Breastfeeding During Illness
You’re sick. You wonder if you should temporarily stop breastfeeding until you feel better. Should you continue to provide your expressed milk, or should you wait until you’re well?
The Womanly Art of Breastfeeding (8th edition) clearly states: “There are very few illnesses that require any kind of mother/baby or baby/milk separation…Bottom line: with very few exceptions, keep nursing!” (p.383)
In fact, you can even help boost your baby’s immunities to illness by not interrupting the breastfeeding relationship. And vice versa. When you stop breastfeeding, your baby does not receive those important immunities that you provide.
“Your baby not only lives on your milk, [your baby] shares your immune system. By the time you know you’re sick, you’ve started passing not only the illness but your immunities on to your baby. To stop nursing now would be to deprive [your baby] of the best of your immune system when [your baby] needs it most. The reverse is truly remarkable. If your baby picks up an illness that you haven’t been exposed to, [your baby] passes those germs to you through nursing, and within the breast itself you begin making antibodies and passing them back.” (p. 382) It is a remarkable and special connection that you two develop during the illness!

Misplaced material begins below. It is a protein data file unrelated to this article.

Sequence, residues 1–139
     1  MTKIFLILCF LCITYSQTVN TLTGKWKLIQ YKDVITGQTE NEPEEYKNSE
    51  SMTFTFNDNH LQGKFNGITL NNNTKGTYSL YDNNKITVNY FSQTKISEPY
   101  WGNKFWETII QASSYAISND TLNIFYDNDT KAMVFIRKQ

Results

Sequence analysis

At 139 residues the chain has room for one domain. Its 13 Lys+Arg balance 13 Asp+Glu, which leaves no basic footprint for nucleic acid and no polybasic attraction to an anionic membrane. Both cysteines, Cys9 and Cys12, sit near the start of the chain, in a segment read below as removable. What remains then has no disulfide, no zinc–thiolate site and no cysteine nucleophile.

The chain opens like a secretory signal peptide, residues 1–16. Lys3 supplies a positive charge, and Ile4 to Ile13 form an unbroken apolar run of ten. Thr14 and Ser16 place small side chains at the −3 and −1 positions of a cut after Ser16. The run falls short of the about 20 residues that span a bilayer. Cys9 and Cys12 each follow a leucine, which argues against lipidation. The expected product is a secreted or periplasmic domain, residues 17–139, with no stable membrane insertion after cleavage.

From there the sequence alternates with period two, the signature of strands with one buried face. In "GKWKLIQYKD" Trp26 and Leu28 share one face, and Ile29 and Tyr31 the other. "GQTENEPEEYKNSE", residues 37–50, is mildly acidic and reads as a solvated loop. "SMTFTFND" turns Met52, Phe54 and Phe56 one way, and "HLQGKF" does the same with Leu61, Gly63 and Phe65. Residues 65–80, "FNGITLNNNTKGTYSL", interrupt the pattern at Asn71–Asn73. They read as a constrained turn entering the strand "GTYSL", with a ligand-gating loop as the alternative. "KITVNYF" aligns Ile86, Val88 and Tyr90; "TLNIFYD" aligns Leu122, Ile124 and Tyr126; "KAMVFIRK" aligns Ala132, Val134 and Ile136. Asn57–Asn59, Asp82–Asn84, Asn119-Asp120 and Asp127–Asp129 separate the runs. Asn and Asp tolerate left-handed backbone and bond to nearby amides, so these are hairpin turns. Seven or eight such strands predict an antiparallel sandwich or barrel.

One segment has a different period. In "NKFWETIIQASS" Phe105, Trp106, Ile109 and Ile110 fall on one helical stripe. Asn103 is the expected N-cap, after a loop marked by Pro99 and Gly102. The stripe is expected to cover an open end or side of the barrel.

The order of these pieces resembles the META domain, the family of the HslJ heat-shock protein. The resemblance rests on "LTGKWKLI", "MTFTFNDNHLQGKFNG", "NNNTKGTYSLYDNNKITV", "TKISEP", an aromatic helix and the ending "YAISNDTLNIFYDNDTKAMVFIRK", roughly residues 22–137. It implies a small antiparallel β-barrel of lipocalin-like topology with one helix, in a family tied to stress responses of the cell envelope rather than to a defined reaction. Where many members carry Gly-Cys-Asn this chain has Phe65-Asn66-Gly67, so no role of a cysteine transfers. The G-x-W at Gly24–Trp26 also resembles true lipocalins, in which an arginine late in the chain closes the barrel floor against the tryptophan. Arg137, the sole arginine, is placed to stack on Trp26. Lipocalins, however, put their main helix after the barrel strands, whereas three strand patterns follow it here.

If continuing to nurse through “typical” illnesses such as a cold, stomach bug, or influenza is safe to do and even encouraged, does that mean it’s also safe to take medication – either over the counter (OTC) or prescription?
The majority of medications are compatible with breastfeeding. The La Leche League USA website says on its Medications and Breastfeeding page: “According to the American Academy of Pediatrics, ‘Only a few medications are contraindicated (not recommended) while breastfeeding. Although many medications do pass into breast milk, most have little or no effect on milk supply or on an infant’s well-being.’ It is important to share that you are nursing with your healthcare provider.”
La Leche League Leaders are able to offer information about medications and breastfeeding (see Resources), but Leaders aren’t medical professionals and can’t offer medical advice. Please discuss specific concerns with your health care provider.
Each person’s situation is unique. In general, though, breastfeeding through illness is safe and continues to benefit both the nursing parent and the nursling.
- Medications and Breastfeeding: lllusa.org/medications-and-breastfeeding/
- Influenza: www.llli.org/breastfeeding-info/influenza/
- Coronavirus: www.llli.org/coronavirus/
- Should breastfeeding continue when mom is sick? kellymom.com/bf/can-i-breastfeed/illness-surgery/mom-illness/
- Coronavirus + Breastfeeding: Coronavirus + Breastfeeding
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